The Impostor Syndrome
28 April 2017 - 15:36, by , in Public speaking tips, Comments off

Do you ever feel that you are unworthy of having your job and giving that presentation? That you don’t belong there because everyone else is so much better than you? Well, you, my friend are suffering from “the Impostor Syndrome”. This term was coined in 1978 by psychologists Pauline R. Clance and Suzanne A. Imes. It is a concept describing high- achieving individuals who cannot accept their accomplishments and live in fear of being exposed as a fraud.

You are Not Alone!
Looking around your workplace, people may seem that they are so together: laughing with their colleagues, giving presentations easily and not looking nervous. Right? Wrong! Many people suffer with the Impostor Syndrome. Originally the study focused on women, but soon it was discovered that men are affected as well. And a shocking 70% of millennials feel this way.

Rewire our Brain
So how do we get over the feeling that we are not worthy? We can adopt a positive attitude about ourselves. Easy to say, but harder to do, because we are wired to process negative thoughts faster and hold on to them on longer than positive thoughts. Dr. Rick Hanson, author of Buddha’s Brain, refers to positive thoughts like Teflon and negative like Velcro.
But we can change our habit of allowing those negative thoughts to creep into our brain.

Remember Positive Comments
When someone gives you a compliment, accept it and enjoy the feeling you get from praise. You worked hard and deserve it! Don’t think that they are saying it to you to be nice. They mean it!

Focus on your Success
Was there a time when you rocked that speech? And yes, there was one speech or presentation, at some point in your life. Could’ve been as far back as Grade 4 on your presentation of “How Plants Grow”. How did that make you feel? What did the audience say or do after you presented? Try to emulate that feeling every time you speak or present. Top performers use this creative visualization all the time, whether they’re athletes, musicians or public speakers.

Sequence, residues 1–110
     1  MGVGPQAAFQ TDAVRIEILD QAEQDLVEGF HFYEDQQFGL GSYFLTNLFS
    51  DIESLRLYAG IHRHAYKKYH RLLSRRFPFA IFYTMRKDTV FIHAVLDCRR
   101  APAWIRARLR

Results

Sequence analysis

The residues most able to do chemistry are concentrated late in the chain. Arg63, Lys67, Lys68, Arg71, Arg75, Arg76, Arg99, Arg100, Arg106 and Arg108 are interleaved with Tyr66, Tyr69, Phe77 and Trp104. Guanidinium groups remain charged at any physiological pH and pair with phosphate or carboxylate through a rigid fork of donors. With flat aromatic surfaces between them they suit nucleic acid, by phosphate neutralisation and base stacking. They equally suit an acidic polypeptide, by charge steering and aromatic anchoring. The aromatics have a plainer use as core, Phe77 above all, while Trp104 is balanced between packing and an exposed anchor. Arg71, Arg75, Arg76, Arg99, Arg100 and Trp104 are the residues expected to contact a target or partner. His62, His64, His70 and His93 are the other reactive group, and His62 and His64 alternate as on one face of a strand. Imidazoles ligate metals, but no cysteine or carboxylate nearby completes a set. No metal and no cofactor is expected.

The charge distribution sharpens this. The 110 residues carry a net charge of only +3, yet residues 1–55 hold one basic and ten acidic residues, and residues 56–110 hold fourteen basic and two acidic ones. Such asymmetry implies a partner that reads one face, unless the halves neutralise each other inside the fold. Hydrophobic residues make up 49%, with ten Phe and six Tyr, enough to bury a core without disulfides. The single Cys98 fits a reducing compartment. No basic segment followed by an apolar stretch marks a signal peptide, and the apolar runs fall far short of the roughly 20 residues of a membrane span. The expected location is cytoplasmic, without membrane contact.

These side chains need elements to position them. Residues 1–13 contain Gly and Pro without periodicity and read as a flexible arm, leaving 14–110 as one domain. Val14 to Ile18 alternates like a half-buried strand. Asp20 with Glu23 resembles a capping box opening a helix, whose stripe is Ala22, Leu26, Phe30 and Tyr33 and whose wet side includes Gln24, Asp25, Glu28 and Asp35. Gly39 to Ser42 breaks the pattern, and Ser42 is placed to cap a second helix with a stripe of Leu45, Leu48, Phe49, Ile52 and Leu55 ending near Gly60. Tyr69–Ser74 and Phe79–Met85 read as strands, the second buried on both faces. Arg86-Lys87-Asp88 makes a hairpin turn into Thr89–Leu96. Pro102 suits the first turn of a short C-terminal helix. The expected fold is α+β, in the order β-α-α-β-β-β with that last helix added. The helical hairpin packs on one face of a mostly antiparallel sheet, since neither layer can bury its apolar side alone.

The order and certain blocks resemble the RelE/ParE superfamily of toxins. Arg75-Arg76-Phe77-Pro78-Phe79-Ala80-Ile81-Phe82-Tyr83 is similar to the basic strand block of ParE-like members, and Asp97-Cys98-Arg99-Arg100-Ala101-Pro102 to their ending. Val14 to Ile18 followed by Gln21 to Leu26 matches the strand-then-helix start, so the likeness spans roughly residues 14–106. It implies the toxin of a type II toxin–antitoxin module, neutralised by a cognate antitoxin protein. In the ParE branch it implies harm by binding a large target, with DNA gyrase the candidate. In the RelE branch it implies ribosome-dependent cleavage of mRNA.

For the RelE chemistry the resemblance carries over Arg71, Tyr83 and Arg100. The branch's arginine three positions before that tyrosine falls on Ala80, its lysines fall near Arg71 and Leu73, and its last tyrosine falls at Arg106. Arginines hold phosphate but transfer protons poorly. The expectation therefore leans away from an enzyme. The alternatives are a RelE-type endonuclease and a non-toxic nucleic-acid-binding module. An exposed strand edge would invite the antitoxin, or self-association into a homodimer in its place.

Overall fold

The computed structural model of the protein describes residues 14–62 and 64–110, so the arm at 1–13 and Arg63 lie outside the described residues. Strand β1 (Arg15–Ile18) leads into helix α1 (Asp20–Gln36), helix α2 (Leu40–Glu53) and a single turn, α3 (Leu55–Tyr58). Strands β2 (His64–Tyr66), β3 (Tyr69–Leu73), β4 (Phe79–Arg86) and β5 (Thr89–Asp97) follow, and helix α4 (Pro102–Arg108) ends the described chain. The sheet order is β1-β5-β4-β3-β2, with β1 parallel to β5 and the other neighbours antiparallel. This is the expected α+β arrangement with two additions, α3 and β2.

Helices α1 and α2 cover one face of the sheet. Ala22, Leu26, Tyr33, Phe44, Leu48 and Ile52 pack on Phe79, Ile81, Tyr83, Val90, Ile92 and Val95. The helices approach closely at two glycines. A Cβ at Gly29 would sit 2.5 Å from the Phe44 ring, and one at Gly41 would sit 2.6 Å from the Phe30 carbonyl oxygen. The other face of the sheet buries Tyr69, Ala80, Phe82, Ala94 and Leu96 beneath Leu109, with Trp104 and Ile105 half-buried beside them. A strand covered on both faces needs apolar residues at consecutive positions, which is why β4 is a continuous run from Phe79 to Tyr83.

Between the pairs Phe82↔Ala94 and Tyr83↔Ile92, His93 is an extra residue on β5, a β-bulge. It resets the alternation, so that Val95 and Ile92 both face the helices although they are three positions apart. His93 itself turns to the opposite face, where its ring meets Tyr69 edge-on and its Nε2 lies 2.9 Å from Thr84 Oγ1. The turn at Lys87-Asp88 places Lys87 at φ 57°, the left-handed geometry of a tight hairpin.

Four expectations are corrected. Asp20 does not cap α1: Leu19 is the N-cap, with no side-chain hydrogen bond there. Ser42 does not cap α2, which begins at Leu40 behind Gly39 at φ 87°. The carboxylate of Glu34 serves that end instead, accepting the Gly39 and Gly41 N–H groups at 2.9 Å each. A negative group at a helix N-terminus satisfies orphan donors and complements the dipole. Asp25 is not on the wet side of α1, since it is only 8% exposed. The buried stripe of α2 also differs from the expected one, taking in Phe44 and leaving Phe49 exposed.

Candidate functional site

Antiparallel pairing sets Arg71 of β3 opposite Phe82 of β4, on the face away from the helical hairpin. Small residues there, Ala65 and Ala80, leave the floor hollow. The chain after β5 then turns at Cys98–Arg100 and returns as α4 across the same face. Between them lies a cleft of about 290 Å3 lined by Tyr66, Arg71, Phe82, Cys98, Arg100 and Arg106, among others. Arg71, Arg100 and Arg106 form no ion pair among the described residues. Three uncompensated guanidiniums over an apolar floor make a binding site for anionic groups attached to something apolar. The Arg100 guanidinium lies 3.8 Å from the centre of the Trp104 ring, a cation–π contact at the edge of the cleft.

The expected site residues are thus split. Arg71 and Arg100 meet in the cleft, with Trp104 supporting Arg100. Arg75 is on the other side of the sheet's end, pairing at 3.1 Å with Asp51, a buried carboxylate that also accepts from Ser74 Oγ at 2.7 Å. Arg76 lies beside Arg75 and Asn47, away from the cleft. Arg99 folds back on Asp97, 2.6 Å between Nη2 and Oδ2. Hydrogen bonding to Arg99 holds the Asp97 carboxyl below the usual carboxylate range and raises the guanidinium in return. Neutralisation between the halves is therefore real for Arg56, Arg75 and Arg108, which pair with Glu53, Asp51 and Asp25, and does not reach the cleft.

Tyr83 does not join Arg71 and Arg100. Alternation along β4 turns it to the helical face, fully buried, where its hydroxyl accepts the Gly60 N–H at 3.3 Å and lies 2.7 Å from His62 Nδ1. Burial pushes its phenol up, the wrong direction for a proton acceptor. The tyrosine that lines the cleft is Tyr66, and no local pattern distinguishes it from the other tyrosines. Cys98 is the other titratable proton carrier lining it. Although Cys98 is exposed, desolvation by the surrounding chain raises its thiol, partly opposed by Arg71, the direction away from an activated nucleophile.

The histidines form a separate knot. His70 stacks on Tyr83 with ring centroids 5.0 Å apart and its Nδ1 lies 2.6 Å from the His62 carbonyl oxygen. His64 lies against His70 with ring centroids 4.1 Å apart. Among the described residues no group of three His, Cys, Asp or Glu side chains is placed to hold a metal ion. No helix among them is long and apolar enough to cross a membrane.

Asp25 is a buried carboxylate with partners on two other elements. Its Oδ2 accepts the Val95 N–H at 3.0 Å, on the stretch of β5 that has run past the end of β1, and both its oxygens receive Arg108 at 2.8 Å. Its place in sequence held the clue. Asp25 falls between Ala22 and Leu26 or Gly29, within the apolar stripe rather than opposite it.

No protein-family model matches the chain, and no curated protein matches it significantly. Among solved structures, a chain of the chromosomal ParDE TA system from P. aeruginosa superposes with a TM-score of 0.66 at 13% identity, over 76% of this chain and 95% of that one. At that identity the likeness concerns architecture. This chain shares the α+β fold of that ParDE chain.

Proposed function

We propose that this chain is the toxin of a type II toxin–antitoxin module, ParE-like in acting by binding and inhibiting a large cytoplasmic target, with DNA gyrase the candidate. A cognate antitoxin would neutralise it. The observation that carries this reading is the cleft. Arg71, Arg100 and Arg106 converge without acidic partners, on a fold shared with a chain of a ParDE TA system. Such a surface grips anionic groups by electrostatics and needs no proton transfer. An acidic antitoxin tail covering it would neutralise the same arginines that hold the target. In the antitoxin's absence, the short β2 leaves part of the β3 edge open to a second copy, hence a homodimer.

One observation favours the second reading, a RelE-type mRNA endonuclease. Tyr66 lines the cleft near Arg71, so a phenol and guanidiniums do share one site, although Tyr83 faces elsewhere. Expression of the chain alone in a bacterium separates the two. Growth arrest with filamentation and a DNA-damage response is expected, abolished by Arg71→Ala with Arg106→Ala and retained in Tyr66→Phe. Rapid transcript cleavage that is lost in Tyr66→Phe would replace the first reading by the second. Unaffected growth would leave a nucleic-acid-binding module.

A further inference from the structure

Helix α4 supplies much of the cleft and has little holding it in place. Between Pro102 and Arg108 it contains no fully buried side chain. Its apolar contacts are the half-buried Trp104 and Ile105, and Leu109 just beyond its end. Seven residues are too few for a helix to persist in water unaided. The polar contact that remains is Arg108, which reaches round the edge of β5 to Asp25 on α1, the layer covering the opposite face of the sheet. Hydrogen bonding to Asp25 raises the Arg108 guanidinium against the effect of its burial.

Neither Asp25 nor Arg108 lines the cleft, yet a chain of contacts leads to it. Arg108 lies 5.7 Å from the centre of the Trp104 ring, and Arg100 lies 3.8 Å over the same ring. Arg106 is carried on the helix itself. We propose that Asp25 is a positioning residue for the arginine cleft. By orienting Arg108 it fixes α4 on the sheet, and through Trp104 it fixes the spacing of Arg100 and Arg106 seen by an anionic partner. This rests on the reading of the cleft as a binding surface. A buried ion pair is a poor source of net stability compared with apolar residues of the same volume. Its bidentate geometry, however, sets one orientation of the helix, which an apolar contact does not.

Back in 1991, the actor Al Franken created the character Stuart Smalley in Saturday Live. On the segment, “Daily Affirmation with Stuart Smalley”, he looked in the mirror and repeated affirmations, the most memorable being “ I’m good enough, I’m strong enough and doggone it, people like me”.

Sounds kind of hokey, I know, but try it. It could be something like, ”I’m fabulous, “I am a great speaker”, “My message rocks” Obviously you won’t be like Stuart and tell the audience that you’re fabulous. But just before you are ready to present and are being introduced, why not think it in your head it? See what happens. It’s been proven to work.

Slouching Gets You Nowhere!
When we feel that we don’t belong, we physically close in on ourselves and make our body smaller. We don’t want anyone to look at us. Social Psychologist Amy Cuddy studied how body language dictates how we think and feel about ourselves. If we move through the day or presentation with a down and in feeling, or Low Pose as she calls it, then we will feel low self-esteem and are plagued with self-doubt. Conversely, if we move our body up and out in Amy’s High Power Pose, we feel confident, we speak with more vocal energy and our self worth soars. Check out her Ted Talk.

The “Impostor Syndrome” is more common than you might think. But recognizing that it’s something you share with many people should prove to you that you’re not alone and it can be overcome. As Stuart Smalley says “you’re good enough, you’re smart enough and dog gone it, people like you”.